The quality of the interior was just as important to Kupka and Bohacová as preserving the exterior look of the building. “My client wanted high-quality and above-level standards for acoustics, so we used special floor insulation to keep the flats quiet,” says Kupka. “We also don’t know the tastes of the tenants, so we kept the interior design timeless.”

The Heritage Office was pleased with the quality of construction. “We are happy with the way the architect dealt with the interiors,” says Cibulová. “He used quality materials in a way that recalled the original style in which this school was built.”

Changing demands

For projects such as Stará Škola, which are in preservation zones but which do not involve historic landmarks, the developer has the option of presenting its plans to the Heritage Office. Approval is not required to begin reconstruction — though in a bit of a Catch-22, if one of the four requirements is violated, the project will be stopped.

After the developer presents its proposal to the Heritage Office, requirements are checked and recommendations made, usually with mixed results.

“About 90 percent of all developers ignore most of the recommendations we give them,” admits Cibulová. For the Stará Škola project, she says, “Our main concern was to retain the original slope of the roof and to keep the building the same height that it was originally. We were surprised when we saw the final stage of the project and realized that they had built one additional level.”

“They were quite open to the new addition but did not want to hear about the roof extension at all,” confirms Kupka.

Still, Kupka tried to keep the spirit of the old where he could, creating replicas of the original front door, interior doors and window frames. “With this project, a part of the original neighborhood still exists,” he says.

“The reconstruction all around will make the area nice and interesting,” adds Bohacová.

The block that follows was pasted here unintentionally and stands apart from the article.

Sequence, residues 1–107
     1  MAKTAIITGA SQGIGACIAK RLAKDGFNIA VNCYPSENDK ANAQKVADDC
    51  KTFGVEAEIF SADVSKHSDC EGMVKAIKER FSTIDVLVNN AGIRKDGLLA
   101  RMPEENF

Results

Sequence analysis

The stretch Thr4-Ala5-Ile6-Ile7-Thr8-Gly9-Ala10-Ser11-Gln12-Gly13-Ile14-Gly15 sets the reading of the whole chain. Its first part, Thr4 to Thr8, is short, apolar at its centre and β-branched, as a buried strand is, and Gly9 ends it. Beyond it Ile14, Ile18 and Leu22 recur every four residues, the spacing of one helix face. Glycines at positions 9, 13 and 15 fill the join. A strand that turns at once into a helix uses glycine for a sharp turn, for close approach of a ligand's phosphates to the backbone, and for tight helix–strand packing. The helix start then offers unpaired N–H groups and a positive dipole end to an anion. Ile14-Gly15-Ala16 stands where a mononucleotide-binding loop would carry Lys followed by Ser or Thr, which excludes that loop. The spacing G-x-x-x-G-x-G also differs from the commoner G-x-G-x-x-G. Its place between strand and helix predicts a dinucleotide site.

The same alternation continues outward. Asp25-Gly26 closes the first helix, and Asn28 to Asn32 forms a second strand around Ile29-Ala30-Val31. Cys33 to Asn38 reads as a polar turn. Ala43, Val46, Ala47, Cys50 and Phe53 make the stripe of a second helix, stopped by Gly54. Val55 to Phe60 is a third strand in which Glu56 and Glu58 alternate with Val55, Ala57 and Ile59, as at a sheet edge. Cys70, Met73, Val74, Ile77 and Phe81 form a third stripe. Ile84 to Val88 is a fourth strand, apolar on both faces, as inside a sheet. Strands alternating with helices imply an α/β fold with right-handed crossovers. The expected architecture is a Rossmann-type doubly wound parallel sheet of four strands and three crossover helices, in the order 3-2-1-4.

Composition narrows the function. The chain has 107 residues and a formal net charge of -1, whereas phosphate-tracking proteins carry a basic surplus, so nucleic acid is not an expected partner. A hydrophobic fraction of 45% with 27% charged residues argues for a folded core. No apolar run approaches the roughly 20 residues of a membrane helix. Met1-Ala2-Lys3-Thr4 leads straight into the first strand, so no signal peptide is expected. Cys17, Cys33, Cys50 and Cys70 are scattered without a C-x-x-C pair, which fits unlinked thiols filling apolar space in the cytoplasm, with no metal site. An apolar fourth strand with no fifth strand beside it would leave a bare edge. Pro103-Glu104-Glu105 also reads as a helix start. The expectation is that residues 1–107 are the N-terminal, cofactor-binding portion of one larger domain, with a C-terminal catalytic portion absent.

The Heritage Office agrees, but also has some advice. “Every neighborhood needs to evolve and to keep up with the changing demands,” says Milena Ernýgrová, director of the Heritage Office department that deals with properties outside historic landmark areas. “But this evolution should happen under the supervision of the Heritage Office.”

Stará Škola offers a total of 18 flats, about 10 of which have already been reserved. Mark Batt of Identity Reality, the firm marketing and selling the flats, says that as soon as Stará Škola’s Web site went live, he started getting inquiries.

Sipošová learned about her new home a different way. “I was walking down Jeseniova street and saw the publicity about selling flats in the building,” she says. Many other people showed interest in the reconstruction, according to Bohacová. “We had people walking by, asking what was going on and how they could get more information,” she says.

Underground parking is also available, a rarity in Zižkov. “Because it’s a blend of old and new, has a high quality of design and construction, and offers garden flats, it’s a unique project in Prague 3,” says Batt. “The area overall is undergoing general improvements.”

Sipošová likes the area as well. “The building, the location and the price are why I bought a flat here,” she says.